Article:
Birmingham therapist discusses ways to overcome mask-related anxiety – The Oakland Press

Posted: August 27, 2020 at 12:00 pm

While Michigan Gov. Gretchen Whitmer has required people to wear face masks in public places to prevent spread of the COVID-19 virus, for some people face coverings can provoke anxiety.

Anything covering your nose and mouth sometimes can trick your body into feeling that the flow of oxygen to your brain is impeded, as if you might drown. That feeling can increase your bodys production of cortisol, the so-called fight or flight hormone, which raises your blood pressure and increases your breathing, heart rate, perspiration and anxiety level to prepare you to take action.

In a situation of real danger, this hormone response can save your life. But in chronic anxiety, it takes a toll on your health. According to the Mayo Clinic, The long-term activation of the stress-response system and the overexposure to cortisol and other stress hormones that follows can disrupt almost all your body's processes. This puts you at increased risk of many health problems, including:

Anxiety

Depression

Digestive problems

Headaches

Heart disease

Sleep problems

Weight gain

Memory and concentration impairment.

Therapists at the Birmingham Maple Clinic in Troy, who are seeing mask-related anxiety in some patients, have developed steps to help people cope with this anxiety and to feel more comfortable wearing masks. Carrie Krawiec is one of more than 30 therapists and psychiatrists who treat a variety of mental health issues at the clinic. She specializes in couples therapy, fertility and family issues.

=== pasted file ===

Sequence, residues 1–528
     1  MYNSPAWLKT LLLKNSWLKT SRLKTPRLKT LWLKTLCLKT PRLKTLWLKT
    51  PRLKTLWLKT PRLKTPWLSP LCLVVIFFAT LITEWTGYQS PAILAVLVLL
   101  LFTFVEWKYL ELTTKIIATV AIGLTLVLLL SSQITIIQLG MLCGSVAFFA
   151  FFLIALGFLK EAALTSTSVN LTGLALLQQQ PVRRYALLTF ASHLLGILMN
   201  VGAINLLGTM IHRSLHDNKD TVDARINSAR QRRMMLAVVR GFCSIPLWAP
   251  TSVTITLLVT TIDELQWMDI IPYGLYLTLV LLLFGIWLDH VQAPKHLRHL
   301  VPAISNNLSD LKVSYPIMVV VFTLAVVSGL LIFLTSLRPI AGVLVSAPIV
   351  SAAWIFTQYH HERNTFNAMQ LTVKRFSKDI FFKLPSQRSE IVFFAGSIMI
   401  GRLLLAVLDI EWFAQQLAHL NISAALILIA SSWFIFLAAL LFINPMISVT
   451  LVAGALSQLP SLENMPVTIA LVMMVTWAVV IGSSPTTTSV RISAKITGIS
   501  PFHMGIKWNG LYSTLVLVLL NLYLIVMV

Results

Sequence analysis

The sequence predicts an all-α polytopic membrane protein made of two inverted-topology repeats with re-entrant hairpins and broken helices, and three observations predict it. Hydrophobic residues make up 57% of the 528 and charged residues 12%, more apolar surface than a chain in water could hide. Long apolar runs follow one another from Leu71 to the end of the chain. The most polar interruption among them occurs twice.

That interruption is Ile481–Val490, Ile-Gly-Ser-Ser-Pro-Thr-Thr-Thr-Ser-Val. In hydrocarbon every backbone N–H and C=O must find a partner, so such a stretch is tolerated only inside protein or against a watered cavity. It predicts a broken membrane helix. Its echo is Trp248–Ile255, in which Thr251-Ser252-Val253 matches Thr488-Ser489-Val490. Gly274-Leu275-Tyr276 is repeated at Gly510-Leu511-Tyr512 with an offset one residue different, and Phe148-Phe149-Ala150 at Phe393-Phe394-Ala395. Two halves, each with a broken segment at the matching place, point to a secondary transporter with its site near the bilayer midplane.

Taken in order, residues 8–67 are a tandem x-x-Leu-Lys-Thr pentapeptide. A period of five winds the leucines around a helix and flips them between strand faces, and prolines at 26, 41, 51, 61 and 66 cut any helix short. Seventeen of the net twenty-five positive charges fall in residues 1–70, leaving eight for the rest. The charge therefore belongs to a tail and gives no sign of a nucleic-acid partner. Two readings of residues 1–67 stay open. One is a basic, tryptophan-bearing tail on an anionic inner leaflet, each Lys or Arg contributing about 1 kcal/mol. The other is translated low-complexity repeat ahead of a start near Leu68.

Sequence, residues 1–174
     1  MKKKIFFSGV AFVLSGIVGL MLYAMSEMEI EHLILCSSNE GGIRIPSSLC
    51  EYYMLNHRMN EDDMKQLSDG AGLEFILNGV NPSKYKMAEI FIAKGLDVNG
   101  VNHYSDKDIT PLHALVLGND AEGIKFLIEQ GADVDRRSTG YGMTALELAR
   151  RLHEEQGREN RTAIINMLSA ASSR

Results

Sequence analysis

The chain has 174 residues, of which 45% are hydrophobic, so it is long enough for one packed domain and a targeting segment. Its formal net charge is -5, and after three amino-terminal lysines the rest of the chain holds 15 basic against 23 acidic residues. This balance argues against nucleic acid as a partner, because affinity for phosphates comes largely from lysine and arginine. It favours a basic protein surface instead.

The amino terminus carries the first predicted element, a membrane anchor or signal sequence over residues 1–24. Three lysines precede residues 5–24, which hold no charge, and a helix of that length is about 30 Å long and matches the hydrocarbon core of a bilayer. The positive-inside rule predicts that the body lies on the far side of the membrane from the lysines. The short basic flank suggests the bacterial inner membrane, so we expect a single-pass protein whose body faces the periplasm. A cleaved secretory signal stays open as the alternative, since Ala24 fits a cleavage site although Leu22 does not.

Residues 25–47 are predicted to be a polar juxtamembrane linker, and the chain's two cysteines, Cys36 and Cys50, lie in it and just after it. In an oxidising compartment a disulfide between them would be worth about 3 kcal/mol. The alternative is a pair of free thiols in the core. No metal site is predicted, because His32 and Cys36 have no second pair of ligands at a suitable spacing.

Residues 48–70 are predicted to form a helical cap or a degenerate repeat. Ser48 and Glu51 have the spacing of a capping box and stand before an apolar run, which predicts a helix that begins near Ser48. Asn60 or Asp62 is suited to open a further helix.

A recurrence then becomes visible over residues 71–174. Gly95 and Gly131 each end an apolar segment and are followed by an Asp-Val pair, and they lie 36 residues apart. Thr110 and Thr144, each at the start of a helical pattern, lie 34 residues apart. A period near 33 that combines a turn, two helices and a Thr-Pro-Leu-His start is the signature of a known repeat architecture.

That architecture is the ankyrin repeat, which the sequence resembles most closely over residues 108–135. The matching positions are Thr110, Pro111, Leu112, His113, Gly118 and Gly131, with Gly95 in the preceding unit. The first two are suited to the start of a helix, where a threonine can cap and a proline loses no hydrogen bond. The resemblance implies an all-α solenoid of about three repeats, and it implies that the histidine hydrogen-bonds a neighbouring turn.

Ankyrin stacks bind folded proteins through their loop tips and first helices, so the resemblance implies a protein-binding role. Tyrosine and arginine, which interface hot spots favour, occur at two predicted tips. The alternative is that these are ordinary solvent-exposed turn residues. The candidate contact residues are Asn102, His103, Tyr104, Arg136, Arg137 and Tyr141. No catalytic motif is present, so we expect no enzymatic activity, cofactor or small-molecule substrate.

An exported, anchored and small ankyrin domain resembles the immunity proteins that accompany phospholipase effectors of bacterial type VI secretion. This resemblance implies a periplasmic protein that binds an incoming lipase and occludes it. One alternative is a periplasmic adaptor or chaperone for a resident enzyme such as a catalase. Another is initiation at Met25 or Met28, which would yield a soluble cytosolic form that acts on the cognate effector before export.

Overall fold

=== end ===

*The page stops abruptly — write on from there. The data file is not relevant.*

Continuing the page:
Krawiec explains that during this coronavirus pandemic, most people feel a heightened sense of uncertainty and general anxiety, which means their bodies are a little tense, and they may be more prone to feeling panicky. The area of the face covered by masks is sensitive to heat, and those who suffer from anxiety may take a facial temperature increase as a threat.

Our bodies respond to cues like excess heat, shortness of breath or a change in heart rate as signs of possible danger, triggering the fight-or-flight response, which can cause us to hyperventilate or panic.

Dont panic!

The first step to overcoming anxiety, Krawiec suggests, is to understand that anxiety is normal right now, and theres nothing wrong with feeling anxious. Remind yourself that youre OK that theres nothing actually physically wrong with you.

Additionally, she says, predict circumstances that might make you anxious before you go out, then plan solutions for those situations before you get stressed out.

If wearing a mask in public is emotionally difficult for you, Krawiec says, try doing shorter errands to reduce the time you must spend wearing a mask. Prepare with a list and plan your trips to the grocery store so you dont have to search the aisles for things you need, further increasing anxiety.

If you're prone to panic, do errands early in the morning when its cooler, or later in the evening, so you wont feel overheated.

If youre out somewhere wearing your mask and you begin to feel uncomfortable, remember that its OK to leave the event or take a break away from other people to spend some time out of your mask.

Allow yourself permission to say, If I go and I become uncomfortable, I'm going to duck out, and have that be OK, Krawiec says.

More here:
Birmingham therapist discusses ways to overcome mask-related anxiety - The Oakland Press

Related Post

Comments are closed.

Archives